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What the boss can learn from the Boss, and Yes, virtue can be very rewarding

What the boss can learn from the Boss

Rick Newman

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When it comes to keeping the customer base happy and coming back for more, said Rick Newman in, CEOs can learn a lot from rock legend Bruce Springsteen. Just watch him in action. During his concerts, Springsteen is always “starting one song before the other one ends.” That keeps the crowd involved and even on their feet—the equivalent of introducing new products while the old ones are still being enjoyed and customer goodwill is high. Springsteen also knows how to innovate, “expanding his brand image” with unexpected musical flourishes, without ever shifting his “center of gravity.” But he is not shy about “giving the people what they want,” always mixing new material with old favorites such as “Badlands” and “Born to Run.” The biggest secret to his success, though, may simply be that Springsteen clearly loves what he does. “Enthusiasm is contagious. If you’re pumped about what you do, those around you are more likely to twist and shout right along with you. And keep on spending.”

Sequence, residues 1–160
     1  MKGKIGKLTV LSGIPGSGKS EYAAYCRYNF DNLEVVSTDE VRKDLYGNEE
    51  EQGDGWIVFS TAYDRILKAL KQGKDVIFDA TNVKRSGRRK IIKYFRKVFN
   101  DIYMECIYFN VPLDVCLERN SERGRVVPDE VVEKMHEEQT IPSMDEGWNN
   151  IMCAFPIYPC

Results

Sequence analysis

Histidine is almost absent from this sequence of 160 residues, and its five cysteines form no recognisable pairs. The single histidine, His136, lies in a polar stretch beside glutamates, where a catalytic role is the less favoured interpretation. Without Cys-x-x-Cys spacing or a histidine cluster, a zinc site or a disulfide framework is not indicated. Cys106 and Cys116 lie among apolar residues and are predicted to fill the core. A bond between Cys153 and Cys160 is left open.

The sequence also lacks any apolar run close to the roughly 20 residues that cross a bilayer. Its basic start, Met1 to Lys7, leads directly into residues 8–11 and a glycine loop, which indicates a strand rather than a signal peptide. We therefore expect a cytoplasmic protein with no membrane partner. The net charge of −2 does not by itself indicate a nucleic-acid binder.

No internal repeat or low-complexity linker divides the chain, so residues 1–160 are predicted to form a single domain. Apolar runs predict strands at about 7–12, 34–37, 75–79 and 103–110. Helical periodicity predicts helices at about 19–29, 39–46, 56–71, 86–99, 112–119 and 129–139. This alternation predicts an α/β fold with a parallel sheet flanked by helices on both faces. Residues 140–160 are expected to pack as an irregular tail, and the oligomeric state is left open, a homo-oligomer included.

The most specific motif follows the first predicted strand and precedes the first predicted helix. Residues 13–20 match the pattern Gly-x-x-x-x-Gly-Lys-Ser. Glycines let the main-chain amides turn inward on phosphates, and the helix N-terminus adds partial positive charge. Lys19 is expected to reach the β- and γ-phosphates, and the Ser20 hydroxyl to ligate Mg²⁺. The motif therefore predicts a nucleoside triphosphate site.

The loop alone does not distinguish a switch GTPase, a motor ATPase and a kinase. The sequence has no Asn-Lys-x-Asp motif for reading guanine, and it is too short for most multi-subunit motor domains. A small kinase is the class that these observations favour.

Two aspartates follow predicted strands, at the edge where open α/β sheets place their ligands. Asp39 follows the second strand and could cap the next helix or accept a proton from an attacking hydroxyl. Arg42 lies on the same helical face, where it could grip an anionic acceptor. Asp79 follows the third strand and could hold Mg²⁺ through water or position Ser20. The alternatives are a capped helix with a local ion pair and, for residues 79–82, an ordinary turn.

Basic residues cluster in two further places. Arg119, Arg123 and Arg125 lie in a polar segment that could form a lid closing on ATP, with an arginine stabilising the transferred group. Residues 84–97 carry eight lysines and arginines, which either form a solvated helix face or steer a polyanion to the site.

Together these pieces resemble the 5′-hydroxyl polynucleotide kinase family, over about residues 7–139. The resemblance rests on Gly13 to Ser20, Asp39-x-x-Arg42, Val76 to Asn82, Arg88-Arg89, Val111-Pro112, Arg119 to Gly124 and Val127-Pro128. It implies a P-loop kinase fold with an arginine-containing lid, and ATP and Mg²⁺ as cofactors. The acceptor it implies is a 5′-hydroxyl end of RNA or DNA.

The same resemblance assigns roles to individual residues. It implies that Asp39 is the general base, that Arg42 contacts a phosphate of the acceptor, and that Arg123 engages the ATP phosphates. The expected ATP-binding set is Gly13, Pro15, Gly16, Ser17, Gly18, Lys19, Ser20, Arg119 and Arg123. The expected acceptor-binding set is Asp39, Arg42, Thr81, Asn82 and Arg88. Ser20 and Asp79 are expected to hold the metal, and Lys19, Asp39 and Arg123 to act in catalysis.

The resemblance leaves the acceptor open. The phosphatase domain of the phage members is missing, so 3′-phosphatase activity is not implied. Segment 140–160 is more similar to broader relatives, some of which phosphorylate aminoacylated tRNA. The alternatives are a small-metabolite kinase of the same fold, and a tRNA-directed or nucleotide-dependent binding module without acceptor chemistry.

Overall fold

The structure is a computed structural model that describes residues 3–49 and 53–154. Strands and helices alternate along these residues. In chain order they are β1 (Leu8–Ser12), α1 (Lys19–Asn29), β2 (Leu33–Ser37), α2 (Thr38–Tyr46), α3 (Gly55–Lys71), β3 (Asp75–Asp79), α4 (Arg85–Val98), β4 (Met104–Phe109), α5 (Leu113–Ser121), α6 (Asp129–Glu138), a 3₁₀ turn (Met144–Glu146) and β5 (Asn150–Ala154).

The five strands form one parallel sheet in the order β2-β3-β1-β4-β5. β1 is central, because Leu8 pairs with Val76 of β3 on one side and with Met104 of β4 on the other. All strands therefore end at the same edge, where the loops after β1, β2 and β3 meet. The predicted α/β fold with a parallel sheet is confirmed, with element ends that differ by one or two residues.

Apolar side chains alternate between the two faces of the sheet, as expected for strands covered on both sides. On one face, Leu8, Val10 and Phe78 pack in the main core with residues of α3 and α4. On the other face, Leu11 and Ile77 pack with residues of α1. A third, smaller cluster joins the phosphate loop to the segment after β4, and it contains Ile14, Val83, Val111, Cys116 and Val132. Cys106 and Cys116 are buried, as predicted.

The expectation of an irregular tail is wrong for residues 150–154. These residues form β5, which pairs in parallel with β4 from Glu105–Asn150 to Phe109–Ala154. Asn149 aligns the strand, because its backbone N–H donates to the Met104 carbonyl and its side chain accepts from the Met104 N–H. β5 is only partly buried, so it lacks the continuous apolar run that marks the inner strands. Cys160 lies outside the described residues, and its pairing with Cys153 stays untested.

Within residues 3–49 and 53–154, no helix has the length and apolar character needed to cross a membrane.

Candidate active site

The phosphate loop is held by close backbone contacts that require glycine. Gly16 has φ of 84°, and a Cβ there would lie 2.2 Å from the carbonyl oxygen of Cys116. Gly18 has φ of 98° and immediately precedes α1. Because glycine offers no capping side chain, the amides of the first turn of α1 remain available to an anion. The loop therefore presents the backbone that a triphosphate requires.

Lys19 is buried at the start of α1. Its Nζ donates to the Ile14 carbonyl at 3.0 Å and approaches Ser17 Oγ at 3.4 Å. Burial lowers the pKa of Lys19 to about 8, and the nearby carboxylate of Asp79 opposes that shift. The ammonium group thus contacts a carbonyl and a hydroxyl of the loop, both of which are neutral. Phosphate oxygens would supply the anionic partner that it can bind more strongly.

Yes, virtue can be very rewarding

Ray Fisman

Doing well by doing good: It’s an attractive theory of business, but it hasn’t been scientifically tested, said Ray Fisman in Until now. Two Harvard researchers recently “set out to discover whether consumers prefer to buy from do-gooder companies.” For their experiment they chose ABC Carpet and Home, an upscale home-furnishings store in New York City. First, they set out two brands of towels and candles and stuck a “fair labor” label on one brand of each item. Sure enough, the labeled items sold much better than the unlabeled ones. Then the researchers marked up the prices on the “fair labor” towels and candles by 10 percent. “Quite remarkably, this increase made people buy even more towels and candles,” possibly because “the higher prices made the products’ fair labor claims more credible.” Granted, this experiment was carried out in liberal, affluent New York. Would shoppers at a Midwestern Wal-Mart behave the same way? There are two Harvard researchers who would be “happy to spend a few more nights in the stockroom with a label gun to find out.”

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